Hundreds of Citi Bikes are being equipped with a front light that projects a bicycle-shaped beacon onto the street ahead, Citi Bike announced Tuesday.

Some 250 bikes will feature the new light, known as the Laserlight from Blaze, in the coming weeks for a pilot program to improve safety by increasing the visibility of nighttime cyclists.

The beacon, a green pictogram projected several feet ahead the bike, serves as a tip-off to nearby pedestrians and motorists.

“By incorporating Blaze’s lights into the bike, we aim to keep New Yorkers on foot, behind the wheel and riding a Citi Bike safer and to improve the rider experience overall so that people of all backgrounds are inspired to try New York City’s popular bike share program,” said Jay Walder, president and CEO of Motivate, operators of the Citi Bike program, in a statement.

Blaze’s lights are already in use in London, where the company is headquartered. Transport for London announced last year that it would begin outfitting the city’s entire bike share fleet with the beacon. After “extensive research” on the beacon’s use overseas, Citi Bike decided to try it out in New York.

“Blaze are delighted that Citi Bike will pilot the Laserlight this winter,” said Emily Brooke, founder and CEO of Blaze, in a statement. “We have been working with Motivate for over a year to develop a brand new product that brings our innovative projection technology to the streets of New York.”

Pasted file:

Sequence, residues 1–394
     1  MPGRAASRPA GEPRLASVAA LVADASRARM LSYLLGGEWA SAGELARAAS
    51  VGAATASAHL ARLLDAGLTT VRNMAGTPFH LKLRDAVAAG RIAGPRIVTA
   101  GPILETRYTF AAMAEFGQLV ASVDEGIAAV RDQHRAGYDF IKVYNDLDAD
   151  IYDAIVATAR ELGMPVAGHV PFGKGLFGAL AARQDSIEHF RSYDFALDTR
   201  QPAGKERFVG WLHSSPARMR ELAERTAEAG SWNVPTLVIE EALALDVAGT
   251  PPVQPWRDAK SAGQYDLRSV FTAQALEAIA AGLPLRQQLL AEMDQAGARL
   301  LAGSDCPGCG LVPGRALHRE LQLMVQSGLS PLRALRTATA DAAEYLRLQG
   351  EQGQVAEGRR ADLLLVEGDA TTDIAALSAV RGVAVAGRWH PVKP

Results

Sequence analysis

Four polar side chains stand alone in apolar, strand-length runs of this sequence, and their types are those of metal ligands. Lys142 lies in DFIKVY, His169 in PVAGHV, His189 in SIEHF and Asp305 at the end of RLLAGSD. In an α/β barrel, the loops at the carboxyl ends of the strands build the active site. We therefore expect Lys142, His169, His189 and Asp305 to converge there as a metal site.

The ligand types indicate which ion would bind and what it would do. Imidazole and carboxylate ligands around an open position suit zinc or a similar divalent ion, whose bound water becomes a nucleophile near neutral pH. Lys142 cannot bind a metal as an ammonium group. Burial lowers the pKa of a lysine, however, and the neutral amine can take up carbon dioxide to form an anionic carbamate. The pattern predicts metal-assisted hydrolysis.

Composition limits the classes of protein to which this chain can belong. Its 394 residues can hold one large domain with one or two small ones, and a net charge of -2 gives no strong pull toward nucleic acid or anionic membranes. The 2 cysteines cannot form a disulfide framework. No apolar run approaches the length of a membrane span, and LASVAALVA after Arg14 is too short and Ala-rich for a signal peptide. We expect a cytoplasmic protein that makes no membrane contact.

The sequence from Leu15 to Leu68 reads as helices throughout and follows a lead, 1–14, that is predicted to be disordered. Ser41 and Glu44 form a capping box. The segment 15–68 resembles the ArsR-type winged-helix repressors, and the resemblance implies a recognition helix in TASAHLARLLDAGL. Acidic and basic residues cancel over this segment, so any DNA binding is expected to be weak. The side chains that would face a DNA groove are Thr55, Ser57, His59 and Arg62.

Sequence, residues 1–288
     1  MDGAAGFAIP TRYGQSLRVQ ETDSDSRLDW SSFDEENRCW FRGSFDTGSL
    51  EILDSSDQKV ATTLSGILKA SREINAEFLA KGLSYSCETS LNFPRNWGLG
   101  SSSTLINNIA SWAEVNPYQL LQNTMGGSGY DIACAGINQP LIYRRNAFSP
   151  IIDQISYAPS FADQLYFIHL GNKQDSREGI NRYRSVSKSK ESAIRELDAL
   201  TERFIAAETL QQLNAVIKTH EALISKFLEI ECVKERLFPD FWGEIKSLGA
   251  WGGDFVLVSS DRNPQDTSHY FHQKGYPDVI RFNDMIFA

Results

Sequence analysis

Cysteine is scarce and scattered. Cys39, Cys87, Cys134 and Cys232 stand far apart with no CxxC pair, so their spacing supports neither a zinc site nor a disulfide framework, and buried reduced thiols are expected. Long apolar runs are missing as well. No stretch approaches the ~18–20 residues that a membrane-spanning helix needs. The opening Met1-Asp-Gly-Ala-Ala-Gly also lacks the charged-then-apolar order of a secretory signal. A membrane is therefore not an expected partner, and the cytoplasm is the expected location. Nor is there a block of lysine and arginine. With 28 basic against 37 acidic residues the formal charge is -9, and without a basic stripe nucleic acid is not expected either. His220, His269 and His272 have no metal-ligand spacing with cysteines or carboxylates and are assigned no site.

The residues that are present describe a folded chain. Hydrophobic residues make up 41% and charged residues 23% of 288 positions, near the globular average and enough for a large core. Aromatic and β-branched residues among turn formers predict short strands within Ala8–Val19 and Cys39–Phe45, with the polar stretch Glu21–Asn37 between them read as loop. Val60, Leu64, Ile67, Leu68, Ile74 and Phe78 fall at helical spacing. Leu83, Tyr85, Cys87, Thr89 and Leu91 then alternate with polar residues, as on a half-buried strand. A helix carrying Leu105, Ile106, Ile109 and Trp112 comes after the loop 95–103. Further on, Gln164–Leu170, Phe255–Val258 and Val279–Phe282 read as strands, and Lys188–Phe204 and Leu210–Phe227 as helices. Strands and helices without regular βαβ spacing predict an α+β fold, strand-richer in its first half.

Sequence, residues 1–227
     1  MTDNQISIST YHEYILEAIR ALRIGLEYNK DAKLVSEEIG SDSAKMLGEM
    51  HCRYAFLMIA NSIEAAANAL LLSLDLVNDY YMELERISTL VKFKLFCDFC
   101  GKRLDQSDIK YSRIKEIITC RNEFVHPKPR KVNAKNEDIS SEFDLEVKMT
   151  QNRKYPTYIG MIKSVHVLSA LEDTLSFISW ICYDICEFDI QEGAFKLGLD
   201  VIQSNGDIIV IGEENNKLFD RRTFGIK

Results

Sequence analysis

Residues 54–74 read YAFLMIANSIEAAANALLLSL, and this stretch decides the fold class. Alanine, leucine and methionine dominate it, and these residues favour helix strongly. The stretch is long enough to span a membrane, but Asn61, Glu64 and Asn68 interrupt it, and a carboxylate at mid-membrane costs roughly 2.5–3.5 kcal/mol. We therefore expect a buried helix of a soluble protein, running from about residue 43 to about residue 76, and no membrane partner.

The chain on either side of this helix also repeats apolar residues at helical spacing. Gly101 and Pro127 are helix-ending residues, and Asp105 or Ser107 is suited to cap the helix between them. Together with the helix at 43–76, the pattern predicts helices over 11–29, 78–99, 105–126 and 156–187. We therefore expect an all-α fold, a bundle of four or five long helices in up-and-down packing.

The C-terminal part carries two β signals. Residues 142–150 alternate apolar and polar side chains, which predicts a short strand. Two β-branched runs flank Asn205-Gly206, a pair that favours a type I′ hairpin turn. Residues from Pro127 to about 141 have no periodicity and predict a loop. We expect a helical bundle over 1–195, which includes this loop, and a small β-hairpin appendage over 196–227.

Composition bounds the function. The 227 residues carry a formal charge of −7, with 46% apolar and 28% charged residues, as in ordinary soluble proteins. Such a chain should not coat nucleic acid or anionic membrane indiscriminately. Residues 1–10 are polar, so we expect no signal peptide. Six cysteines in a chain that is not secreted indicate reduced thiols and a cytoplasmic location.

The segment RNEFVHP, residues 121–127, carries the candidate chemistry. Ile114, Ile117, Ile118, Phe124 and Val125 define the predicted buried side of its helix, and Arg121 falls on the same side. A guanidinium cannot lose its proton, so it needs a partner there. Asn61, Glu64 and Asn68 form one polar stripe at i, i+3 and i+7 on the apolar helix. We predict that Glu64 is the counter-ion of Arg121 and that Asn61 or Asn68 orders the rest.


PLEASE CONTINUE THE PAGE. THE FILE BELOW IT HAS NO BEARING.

With Citi Bike approaching a 10,000-bike fleet, the lights will be used on a small fraction of bikes. The pilot number of 250 was decided on due to funding constraints. But Citi Bike said it hopes the initiative will be warmly received, especially by women, who the bike share is trying to encourage to ride. (Studies have shown women are more likely to ride in safer environments.)

The pilot is also a proactive measure. Thus far Citi Bike has boasted a safety record that includes a few serious injuries and no deaths over the course of three years and almost 37 million trips, according to Citi Bike.

“This is an excellent tool for promoting street safety by making drivers more aware of cyclists, and it’s also a fun and eye-catching way to promote cycling and bike share,” said Brian Zumhagen, a spokesman for Transportation Alternatives.

Six city councilmembers were quoted in a news release supporting the move. Though none were more to-the-point than the Upper West Side’s Helen Rosenthal, whose statement in totality read: “This looks really cool.”